Church opposes call to keep one Balangiga bell in National Museum

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The Balangiga bells are on display at the Philippine Air Force Museum inside the Villamor Air Base in Pasay City until Thursday, December 13.

Metro Manila (CNN Philippines, December 13) — All three Balangiga bells should stay in their home church in Eastern Samar, the Diocese of Borongan said amid a senator's call to have one displayed at the National Museum.

In a statement on Thursday, Bishop Crispin Varquez and the clergy said they "object to and strongly stand against the transfer of one or all of the Bells of Balangiga from their historical and rightful habitat" – the St. Lawrence the Martyr Parish in Balangiga town, within the Diocese of Borongan.

They called for the rejection of Senate Resolution 965, which urges the government to "share with the Filipino people" one of the Balangiga bells by placing it in the National Museum "for the appreciation and education" of the general public, especially the youth. The proposed measure was filed by Senator Juan Miguel Zubiri on December 6, days before the historic Balangiga bells finally returned to the country on December 11 after 117 years with U.S. authorities.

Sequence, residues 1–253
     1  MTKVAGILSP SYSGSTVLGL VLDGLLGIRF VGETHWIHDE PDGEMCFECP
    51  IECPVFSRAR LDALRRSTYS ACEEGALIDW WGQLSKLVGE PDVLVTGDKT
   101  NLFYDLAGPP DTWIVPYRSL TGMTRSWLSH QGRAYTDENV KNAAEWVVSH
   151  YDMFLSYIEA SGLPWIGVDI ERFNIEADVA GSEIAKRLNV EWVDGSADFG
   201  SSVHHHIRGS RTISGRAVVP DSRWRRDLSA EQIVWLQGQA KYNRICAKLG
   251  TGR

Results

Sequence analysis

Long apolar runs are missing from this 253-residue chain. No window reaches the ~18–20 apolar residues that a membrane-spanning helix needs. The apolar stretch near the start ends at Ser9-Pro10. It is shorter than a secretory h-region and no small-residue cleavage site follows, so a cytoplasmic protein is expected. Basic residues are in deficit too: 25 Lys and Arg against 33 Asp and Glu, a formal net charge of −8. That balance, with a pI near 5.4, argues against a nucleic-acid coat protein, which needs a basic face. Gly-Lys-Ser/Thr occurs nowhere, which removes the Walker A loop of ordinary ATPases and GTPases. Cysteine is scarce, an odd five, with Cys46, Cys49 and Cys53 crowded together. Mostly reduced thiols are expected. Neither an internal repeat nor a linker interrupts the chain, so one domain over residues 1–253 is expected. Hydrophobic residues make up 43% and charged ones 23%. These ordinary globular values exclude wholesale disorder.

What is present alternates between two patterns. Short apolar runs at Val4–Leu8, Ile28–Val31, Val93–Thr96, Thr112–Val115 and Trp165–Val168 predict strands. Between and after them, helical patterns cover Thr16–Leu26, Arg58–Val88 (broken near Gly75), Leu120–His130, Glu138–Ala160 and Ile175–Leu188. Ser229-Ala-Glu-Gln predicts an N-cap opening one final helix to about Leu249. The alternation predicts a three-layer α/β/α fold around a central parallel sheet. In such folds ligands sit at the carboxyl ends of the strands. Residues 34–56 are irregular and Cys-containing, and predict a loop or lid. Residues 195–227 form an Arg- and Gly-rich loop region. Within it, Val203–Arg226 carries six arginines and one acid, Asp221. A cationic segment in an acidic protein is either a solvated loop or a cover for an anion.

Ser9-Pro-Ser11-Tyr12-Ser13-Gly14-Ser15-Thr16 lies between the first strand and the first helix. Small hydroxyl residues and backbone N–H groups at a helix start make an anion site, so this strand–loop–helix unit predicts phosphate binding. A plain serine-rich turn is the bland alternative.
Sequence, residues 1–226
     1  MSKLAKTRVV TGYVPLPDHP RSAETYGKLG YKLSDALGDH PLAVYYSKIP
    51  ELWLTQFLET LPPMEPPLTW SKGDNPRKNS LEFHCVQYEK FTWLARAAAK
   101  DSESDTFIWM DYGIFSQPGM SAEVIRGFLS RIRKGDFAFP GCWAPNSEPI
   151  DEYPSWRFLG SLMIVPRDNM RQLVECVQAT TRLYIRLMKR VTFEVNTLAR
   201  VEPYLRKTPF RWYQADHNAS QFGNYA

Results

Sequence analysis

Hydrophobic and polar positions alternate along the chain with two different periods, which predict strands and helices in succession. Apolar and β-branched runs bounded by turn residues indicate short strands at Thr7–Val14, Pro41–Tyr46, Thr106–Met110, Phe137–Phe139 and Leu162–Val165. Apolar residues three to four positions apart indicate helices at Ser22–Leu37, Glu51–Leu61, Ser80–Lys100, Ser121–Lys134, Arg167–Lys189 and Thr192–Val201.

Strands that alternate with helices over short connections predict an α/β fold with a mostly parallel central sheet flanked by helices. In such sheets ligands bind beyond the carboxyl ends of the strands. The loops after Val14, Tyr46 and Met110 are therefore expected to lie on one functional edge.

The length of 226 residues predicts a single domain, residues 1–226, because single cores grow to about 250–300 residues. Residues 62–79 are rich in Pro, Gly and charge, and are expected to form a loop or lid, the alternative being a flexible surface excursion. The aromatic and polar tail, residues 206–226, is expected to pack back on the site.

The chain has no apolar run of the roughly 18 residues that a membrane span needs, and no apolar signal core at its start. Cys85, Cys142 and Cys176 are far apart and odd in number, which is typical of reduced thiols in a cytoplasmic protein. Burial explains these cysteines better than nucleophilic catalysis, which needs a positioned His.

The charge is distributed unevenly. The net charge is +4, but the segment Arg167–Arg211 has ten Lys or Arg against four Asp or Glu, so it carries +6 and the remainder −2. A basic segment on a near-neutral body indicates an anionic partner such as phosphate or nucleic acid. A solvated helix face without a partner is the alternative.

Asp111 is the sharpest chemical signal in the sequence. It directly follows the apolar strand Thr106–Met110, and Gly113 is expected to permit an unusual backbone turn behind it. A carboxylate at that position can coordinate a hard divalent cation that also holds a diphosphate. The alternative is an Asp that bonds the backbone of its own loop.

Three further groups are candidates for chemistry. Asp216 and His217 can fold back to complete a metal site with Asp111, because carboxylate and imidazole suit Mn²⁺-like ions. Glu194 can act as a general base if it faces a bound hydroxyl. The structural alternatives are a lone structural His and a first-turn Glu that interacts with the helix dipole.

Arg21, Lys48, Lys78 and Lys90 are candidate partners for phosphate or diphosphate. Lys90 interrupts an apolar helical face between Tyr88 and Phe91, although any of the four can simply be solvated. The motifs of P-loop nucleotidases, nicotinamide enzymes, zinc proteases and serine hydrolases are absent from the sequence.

READ: Balangiga bells now back in PH

The diocese, however, said Zubiri's proposal "does violence to history and the sacred character and purpose of the Balangiga bells." It is still pending before the Senate Committee on Rules, which Zubiri chairs.

"The Balangiga Bells are sacramentals, that is, they are also sacred artifacts that call the faithful to prayer and worship. But they especially call them to the sacrament of the Holy Eucharist, the highest form of prayer and worship for Catholics. Therefore, they belong in the Church, not in a museum," the diocese said.

Historians believe one of the bells signaled the attack the Filipinos launched against American troops stationed in Balangiga town on September 28, 1901. The attack, which killed 48 American soldiers, was reportedly in retaliation for oppressive treatment that Filipinos received from the foreign soldiers. American troops retaliated, destroying the town and killing thousands of Filipino soldiers and locals in what came to be known as the Balangiga Massacre. The American soldiers seized all three bells from the Balangiga Church, and a 1557 cannon as "war booty."

The Diocese of Borongan said it recognizes the national significance of the Balangiga bells, but stressed that they belong to the Church any move to keep them elsewhere would be "a disrespectful mangling of history and the right of the Catholic faithful of Balangiga to their private property."

The bells are coming home to Balangiga on Saturday, with rites expected to be led by President Rodrigo Duterte.

READ: Duterte changes mind, decides to attend Balangiga bells turnover

The President called for the return of the bells during his 2017 State of the Nation Address, resurrecting a decades-old fight for their repatriation. The handover was made possible after U.S. President Donald Trump signed the U.S. National Defense Authorization Act of 2018, enabling its Defense Department to return the bells.